These reports summarise fast turnaround, responsive projects on a variety of topics, using the most appropriate feasible methods, given time constraints.
Read our completed reports:
UK Research and Innovation (UKRI) is proposing a policy that all publications based upon research funded by the UKRI and its constituent councils should be available open access. This report, commissioned by the Department of Health and Social Care, is a rapid analysis to estimate the potential costs and benefits of the National Institute for Health Research (NIHR) open access policy proposals.
Abortion services have been legally accessible in England since 1968, and since then rates of use have fluctuated. This report, commissioned by the Department of Health and Social Care, explores a range of factors which may be influencing contemporary trends in use of termination services, including economic factors, developments in social attitudes, changes in sexual behaviours, and utilisation of contraceptive and other health services.
This report was commissioned to inform Dame Carol Black’s independent review of drugs. It reviews models of commissioning, funding and accountability in order to provide insight for Dame Carol’s recommendations on the future of substance misuse services in England.
The NHS does not charge patients for GP visits or hospital care, but since the 1950s, adults have been charged for treatment by NHS dentists. From 2015 onwards, these charges have increased by five per cent a year. In this report, we explore whether these increases have affected access to NHS dental care.
In 2015 and 2016, the Government introduced the Standardised Packaging of Tobacco (SPoT) and Tobacco and Related Products Regulations (TRPR) legislation. These introduced a number of changes that affect the sale of tobacco and related products like e-cigarettes. The changes made include the introduction of standardised tobacco packaging, limits on cigarette pack size, larger health warnings, a ban on characterising flavours in cigarettes, and changes to e-cigarette products and packaging.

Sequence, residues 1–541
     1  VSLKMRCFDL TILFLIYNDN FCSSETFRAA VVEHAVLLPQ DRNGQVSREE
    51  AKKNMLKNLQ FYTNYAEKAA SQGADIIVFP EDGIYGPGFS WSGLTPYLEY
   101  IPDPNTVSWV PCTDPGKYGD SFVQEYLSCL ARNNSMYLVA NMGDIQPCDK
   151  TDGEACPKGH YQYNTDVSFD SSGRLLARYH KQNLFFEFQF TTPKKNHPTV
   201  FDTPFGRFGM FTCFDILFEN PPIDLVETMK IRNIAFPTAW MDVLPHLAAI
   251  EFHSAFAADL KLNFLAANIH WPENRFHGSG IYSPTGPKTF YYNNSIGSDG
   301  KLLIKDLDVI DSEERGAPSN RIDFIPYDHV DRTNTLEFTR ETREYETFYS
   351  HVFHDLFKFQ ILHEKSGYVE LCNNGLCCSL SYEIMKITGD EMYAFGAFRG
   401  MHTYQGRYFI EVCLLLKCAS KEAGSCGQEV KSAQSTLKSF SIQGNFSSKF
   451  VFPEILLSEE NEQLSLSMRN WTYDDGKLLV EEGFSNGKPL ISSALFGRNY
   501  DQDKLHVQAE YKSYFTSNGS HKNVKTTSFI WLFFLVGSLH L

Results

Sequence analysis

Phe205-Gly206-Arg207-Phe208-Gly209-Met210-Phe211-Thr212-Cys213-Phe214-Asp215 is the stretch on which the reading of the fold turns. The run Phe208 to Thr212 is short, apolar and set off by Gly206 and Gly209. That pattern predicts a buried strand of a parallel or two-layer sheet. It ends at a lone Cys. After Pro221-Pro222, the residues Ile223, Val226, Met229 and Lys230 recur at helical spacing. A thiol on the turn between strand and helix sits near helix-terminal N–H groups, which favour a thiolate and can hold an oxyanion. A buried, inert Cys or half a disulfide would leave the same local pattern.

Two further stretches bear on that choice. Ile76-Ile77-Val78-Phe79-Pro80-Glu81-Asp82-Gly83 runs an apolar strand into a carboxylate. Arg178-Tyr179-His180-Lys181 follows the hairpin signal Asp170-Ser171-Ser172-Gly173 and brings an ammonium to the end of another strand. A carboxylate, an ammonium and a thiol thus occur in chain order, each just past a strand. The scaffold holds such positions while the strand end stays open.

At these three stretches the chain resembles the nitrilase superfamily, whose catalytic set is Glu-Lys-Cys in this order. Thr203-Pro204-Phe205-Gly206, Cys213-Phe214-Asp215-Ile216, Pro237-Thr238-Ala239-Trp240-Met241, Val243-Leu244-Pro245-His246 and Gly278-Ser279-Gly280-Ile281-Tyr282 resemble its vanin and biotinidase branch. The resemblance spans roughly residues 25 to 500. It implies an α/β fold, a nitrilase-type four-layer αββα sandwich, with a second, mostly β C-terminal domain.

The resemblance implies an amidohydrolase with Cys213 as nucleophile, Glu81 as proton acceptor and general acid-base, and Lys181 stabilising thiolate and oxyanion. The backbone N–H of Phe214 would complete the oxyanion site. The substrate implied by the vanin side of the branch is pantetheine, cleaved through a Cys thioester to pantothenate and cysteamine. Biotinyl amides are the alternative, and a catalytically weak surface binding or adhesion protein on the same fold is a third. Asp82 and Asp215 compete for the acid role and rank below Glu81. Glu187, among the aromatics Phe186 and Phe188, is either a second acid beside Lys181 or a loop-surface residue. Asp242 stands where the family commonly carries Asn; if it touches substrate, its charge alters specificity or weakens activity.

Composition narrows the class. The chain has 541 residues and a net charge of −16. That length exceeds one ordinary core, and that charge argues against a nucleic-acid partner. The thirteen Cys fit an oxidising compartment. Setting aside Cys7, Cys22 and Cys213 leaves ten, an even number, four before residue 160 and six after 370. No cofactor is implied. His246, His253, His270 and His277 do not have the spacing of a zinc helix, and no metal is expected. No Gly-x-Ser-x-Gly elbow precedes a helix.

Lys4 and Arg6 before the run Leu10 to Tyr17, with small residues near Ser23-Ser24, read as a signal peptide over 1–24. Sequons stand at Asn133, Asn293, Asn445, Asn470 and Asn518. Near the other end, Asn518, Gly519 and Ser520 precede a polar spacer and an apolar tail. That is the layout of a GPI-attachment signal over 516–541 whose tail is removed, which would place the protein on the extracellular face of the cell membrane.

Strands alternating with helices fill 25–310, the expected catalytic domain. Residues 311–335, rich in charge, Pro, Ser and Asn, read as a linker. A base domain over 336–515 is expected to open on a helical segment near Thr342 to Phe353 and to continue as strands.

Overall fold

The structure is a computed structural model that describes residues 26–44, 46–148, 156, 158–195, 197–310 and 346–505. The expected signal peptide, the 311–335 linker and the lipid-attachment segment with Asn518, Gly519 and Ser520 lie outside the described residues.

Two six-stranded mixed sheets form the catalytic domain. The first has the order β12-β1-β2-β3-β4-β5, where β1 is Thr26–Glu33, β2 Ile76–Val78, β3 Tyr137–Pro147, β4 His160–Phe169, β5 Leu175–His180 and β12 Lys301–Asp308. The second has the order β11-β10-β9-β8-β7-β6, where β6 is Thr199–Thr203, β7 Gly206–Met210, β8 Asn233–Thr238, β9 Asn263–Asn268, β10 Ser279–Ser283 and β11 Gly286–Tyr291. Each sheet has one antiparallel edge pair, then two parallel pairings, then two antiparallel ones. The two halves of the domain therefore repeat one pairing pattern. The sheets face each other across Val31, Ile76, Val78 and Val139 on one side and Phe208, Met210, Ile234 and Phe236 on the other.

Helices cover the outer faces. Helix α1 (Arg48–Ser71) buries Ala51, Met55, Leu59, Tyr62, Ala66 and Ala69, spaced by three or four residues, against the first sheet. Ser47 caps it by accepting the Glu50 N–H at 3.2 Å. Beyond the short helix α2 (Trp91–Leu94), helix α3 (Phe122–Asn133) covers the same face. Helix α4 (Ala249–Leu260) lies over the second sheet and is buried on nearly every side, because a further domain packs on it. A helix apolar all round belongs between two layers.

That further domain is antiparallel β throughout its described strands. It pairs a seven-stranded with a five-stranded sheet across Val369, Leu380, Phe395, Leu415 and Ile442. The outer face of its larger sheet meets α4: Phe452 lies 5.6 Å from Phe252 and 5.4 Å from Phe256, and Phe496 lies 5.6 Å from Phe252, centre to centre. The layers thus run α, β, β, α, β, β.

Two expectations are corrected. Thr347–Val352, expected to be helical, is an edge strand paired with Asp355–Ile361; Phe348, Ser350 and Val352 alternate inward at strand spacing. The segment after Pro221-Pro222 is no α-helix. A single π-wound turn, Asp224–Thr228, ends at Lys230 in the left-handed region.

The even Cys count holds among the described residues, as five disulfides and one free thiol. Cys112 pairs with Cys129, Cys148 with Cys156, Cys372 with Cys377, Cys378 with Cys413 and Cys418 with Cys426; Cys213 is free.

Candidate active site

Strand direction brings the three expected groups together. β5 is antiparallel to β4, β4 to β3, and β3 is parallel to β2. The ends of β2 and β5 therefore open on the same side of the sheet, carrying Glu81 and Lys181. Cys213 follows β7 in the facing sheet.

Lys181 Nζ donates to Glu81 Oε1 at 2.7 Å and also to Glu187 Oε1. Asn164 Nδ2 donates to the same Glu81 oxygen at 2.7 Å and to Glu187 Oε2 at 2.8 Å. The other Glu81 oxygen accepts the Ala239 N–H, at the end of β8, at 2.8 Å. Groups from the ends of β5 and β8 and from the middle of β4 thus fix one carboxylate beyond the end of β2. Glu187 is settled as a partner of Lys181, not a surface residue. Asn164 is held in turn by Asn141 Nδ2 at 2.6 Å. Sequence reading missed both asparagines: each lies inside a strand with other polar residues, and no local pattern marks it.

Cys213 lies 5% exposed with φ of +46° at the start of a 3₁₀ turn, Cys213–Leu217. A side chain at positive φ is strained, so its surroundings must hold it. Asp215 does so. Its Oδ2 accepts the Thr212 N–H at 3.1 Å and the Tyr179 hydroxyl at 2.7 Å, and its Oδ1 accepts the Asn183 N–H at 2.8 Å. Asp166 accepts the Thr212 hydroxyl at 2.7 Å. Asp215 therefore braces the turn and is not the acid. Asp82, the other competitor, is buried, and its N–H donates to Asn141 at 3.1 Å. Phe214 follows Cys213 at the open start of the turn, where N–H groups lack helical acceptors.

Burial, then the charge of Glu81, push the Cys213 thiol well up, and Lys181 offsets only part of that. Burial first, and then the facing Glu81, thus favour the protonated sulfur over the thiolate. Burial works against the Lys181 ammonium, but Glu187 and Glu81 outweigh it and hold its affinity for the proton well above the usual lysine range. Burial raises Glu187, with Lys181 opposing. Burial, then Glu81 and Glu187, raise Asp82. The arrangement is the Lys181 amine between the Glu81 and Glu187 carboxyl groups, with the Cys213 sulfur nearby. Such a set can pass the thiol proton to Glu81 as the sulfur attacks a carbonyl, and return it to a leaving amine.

When the government introduces legislation which affects businesses, the Department for Health and Social care is required to conduct a review to assess the impact. To support this review, The King’s Fund was commissioned to carry out qualitative research to explore the impact of these regulations on small businesses’
The Mental Health Act (1983) (MHA) and the Mental Capacity Act (2005) (MCA) both provide a legal means by which people can be deprived of their liberty and admitted to hospital on a formal basis when they lack capacity to consent to their admission and treatment.
A key interface of the MHA and the MCA arises where an individual lacks the capacity to decide whether to be admitted to hospital to receive care and treatment, and are not objecting to admission or treatment, then the decision of which Act to use for these purposes is that of professionals involved.
The Care and Support Specialised Housing Fund (CASSH) is a Department of Health and Social Care programme to ‘support and accelerate the development of specialist affordable housing which meets the needs of older people and adults with disabilities or mental health problems’.
The programme provides capital funding to build new specialised housing in England for older people and disabled adults with care and support needs. This brief project is a scoping exercise to consider issues relating to a potential evaluation of the CASSH programme.
People living in deprived neighbourhoods are more likely to have an emergency stay in hospital that could potentially have been avoided had high-quality care outside hospital been available. NHS England produces local health and care equity improvement indicators based on deprivation-related inequality in these potentially avoidable emergency admissions.
This pilot study explores trends in these indicators, alongside changes in local public expenditure and local economic conditions, to learn lessons for health and care system quality improvement.
Rough sleeping and health problems can be mutually reinforcing, and some people who sleep rough have high and complex health and care needs. Patterns and causes of homelessness, and the intersections between rough sleeping, health and wellbeing, are complex and varied. In this report, following a review of relevant literature, the views of people with lived experience of sleeping rough on accessing health and care services are explored.
The King's Fund have also published a related report.
Between 2010 and 2015 the Coalition government introduced legislation banning display of tobacco products in small shops and specialist tobacconists, display of tobacco prices and a ban on sale of nicotine inhaling products (such as vapes or e-cigarettes) to anyone aged under 18 years.
When the government introduces legislation which affects businesses, the Department for Health and Social care is required to conduct a review to assess the impact. To support this review, The King’s Fund was commissioned to carry out qualitative research to understand how the restrictions on displaying packaging and pricing of tobacco products have affected small businesses.
The Department of Health and Social Care commissioned The King’s Fund to undertake a scoping review of the published evidence about women’s experience of health services with a specific focus on gynaecological and urogynaecological services in primary and secondary care.